In recent years, an increasing number of studies have examined the mechanisms underlying nonverbal emotional information processing in people with high social anxiety (HSA). However, most of these studies have focused on the processing of facial expressions, and there has been scarce research on gesture or even face-gesture combined processing in HSA individuals. The present study explored the processing characteristics and mechanism of the interaction between gestures and facial expressions in people with HSA and low social anxiety (LSA). The present study recruited university students as participants and used the Liebowitz Social Anxiety Scale scores to distinguish the HSA and LSA groups. We used a 2 (group: HSA and LSA) × 2 (emotion valence: positive, negative) × 2 (task: face, gesture) multifactor mixed design, and videos of a single face or gesture and combined face-gesture cues were used as stimuli. We found that (1) there is a distinction in the processing of faces and gestures, with individuals recognizing gestures faster than faces; (2) there is an attentional enhancement in the processing of gestures, particularly for negative gestures; and (3) when the emotional valence of faces and gestures align, it facilitates the recognition of both. However, incongruent gestures have a stronger impact on the processing of facial expressions compared to facial expressions themselves, suggesting that the processing of facial emotions is more influenced by environmental cues provided by gestures. These findings indicated that gestures played an important role in emotional processing, and facial emotional processing was more dependent on the environmental cues derived from gestures, which helps to clarify the reasons for biases in the interpretation of emotional information in people with HSA.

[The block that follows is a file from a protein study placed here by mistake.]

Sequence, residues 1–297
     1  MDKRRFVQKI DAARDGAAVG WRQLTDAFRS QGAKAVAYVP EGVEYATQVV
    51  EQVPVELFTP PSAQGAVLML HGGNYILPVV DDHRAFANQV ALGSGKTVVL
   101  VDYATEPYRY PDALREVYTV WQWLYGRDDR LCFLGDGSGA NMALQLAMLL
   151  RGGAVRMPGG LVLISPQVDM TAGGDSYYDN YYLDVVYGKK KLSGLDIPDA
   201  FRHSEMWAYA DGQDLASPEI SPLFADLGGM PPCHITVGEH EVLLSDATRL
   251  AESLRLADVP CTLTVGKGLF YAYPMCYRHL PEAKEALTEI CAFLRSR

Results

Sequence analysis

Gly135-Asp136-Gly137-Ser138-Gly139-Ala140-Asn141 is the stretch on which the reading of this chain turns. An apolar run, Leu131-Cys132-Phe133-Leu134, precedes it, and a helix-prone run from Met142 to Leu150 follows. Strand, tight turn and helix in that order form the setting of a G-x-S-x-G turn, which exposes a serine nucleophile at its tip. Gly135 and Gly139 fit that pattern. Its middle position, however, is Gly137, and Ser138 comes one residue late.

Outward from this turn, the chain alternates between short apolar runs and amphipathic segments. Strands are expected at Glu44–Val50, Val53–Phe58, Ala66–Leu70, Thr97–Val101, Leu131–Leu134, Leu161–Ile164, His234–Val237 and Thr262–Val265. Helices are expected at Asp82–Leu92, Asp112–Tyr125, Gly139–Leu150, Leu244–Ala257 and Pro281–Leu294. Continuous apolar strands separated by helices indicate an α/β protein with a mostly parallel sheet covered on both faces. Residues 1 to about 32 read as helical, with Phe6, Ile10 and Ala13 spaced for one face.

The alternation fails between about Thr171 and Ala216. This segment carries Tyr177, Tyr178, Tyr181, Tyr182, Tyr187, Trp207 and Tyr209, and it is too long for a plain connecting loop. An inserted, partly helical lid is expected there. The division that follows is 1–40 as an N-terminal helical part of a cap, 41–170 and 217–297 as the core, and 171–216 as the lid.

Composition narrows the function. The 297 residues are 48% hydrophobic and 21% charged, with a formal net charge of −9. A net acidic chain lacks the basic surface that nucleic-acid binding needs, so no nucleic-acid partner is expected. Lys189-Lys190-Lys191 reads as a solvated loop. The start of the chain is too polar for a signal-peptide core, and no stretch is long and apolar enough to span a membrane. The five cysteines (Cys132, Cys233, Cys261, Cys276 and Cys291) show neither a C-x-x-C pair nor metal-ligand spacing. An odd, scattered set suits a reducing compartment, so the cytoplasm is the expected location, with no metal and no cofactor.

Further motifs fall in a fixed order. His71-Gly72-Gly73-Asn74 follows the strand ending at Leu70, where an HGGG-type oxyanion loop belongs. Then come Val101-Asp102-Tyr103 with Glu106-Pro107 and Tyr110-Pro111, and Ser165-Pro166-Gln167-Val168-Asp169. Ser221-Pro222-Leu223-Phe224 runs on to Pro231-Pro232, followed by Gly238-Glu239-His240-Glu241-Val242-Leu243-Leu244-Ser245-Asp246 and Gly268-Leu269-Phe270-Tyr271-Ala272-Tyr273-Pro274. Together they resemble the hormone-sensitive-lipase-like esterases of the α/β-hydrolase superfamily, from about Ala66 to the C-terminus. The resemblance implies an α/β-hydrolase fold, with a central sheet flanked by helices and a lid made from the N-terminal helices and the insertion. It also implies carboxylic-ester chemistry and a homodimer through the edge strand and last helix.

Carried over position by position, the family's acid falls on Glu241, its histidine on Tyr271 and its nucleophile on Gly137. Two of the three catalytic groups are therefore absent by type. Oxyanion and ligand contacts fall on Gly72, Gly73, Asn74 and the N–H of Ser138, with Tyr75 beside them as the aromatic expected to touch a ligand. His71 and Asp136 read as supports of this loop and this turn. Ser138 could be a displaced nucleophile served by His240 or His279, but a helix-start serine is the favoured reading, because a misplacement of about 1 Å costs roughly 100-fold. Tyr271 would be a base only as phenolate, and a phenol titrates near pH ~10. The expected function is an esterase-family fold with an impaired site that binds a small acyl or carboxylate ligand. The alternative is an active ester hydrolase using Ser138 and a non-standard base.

Social Anxiety Research
Researchers discovered that anxious individuals utilize a less optimal region of the forebrain when navigating socially challenging situations compared to their non-anxious counterparts. This was determined through brain scans that mapped regions active during simulated social scenarios.